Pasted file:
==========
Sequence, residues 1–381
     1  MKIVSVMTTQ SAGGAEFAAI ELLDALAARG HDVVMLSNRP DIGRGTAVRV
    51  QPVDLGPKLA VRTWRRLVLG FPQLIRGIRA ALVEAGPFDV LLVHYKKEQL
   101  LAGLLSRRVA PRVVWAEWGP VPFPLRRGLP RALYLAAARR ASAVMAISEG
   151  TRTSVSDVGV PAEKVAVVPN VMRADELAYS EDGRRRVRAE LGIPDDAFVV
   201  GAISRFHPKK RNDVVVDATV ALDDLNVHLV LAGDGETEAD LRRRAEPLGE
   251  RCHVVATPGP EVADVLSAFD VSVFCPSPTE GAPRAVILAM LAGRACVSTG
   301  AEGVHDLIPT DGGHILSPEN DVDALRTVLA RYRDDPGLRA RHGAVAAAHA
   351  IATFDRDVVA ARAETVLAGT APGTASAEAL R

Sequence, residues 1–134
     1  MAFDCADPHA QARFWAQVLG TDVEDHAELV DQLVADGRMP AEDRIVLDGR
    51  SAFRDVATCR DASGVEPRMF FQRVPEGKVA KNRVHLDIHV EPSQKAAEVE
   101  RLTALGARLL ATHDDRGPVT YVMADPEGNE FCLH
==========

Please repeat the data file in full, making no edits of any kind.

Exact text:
Sequence, residues 1–381
     1  MKIVSVMTTQ SAGGAEFAAI ELLDALAARG HDVVMLSNRP DIGRGTAVRV
    51  QPVDLGPKLA VRTWRRLVLG FPQLIRGIRA ALVEAGPFDV LLVHYKKEQL
   101  LAGLLSRRVA PRVVWAEWGP VPFPLRRGLP RALYLAAARR ASAVMAISEG
   151  TRTSVSDVGV PAEKVAVVPN VMRADELAYS EDGRRRVRAE LGIPDDAFVV
   201  GAISRFHPKK RNDVVVDATV ALDDLNVHLV LAGDGETEAD LRRRAEPLGE
   251  RCHVVATPGP EVADVLSAFD VSVFCPSPTE GAPRAVILAM LAGRACVSTG
   301  AEGVHDLIPT DGGHILSPEN DVDALRTVLA RYRDDPGLRA RHGAVAAAHA
   351  IATFDRDVVA ARAETVLAGT APGTASAEAL R

Sequence, residues 1–134
     1  MAFDCADPHA QARFWAQVLG TDVEDHAELV DQLVADGRMP AEDRIVLDGR
    51  SAFRDVATCR DASGVEPRMF FQRVPEGKVA KNRVHLDIHV EPSQKAAEVE
   101  RLTALGARLL ATHDDRGPVT YVMADPEGNE FCLH